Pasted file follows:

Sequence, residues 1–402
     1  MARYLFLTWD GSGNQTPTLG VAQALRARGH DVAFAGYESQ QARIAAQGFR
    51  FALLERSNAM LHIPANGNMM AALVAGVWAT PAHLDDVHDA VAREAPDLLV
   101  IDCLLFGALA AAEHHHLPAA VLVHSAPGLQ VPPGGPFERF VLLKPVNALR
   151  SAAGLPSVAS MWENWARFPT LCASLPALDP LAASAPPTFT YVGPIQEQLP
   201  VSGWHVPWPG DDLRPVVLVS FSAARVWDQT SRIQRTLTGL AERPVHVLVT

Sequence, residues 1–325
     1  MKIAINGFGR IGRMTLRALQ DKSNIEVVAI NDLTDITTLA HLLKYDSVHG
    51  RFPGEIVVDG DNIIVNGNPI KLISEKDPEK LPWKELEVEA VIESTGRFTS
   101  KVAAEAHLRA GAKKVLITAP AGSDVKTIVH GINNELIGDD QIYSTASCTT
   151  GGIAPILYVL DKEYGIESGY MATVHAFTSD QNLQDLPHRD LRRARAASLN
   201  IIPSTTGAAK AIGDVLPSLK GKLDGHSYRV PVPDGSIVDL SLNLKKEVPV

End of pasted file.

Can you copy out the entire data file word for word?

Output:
Sequence, residues 1–402
     1  MARYLFLTWD GSGNQTPTLG VAQALRARGH DVAFAGYESQ QARIAAQGFR
    51  FALLERSNAM LHIPANGNMM AALVAGVWAT PAHLDDVHDA VAREAPDLLV
   101  IDCLLFGALA AAEHHHLPAA VLVHSAPGLQ VPPGGPFERF VLLKPVNALR
   151  SAAGLPSVAS MWENWARFPT LCASLPALDP LAASAPPTFT YVGPIQEQLP
   201  VSGWHVPWPG DDLRPVVLVS FSAARVWDQT SRIQRTLTGL AERPVHVLVT

Sequence, residues 1–325
     1  MKIAINGFGR IGRMTLRALQ DKSNIEVVAI NDLTDITTLA HLLKYDSVHG
    51  RFPGEIVVDG DNIIVNGNPI KLISEKDPEK LPWKELEVEA VIESTGRFTS
   101  KVAAEAHLRA GAKKVLITAP AGSDVKTIVH GINNELIGDD QIYSTASCTT
   151  GGIAPILYVL DKEYGIESGY MATVHAFTSD QNLQDLPHRD LRRARAASLN
   201  IIPSTTGAAK AIGDVLPSLK GKLDGHSYRV PVPDGSIVDL SLNLKKEVPV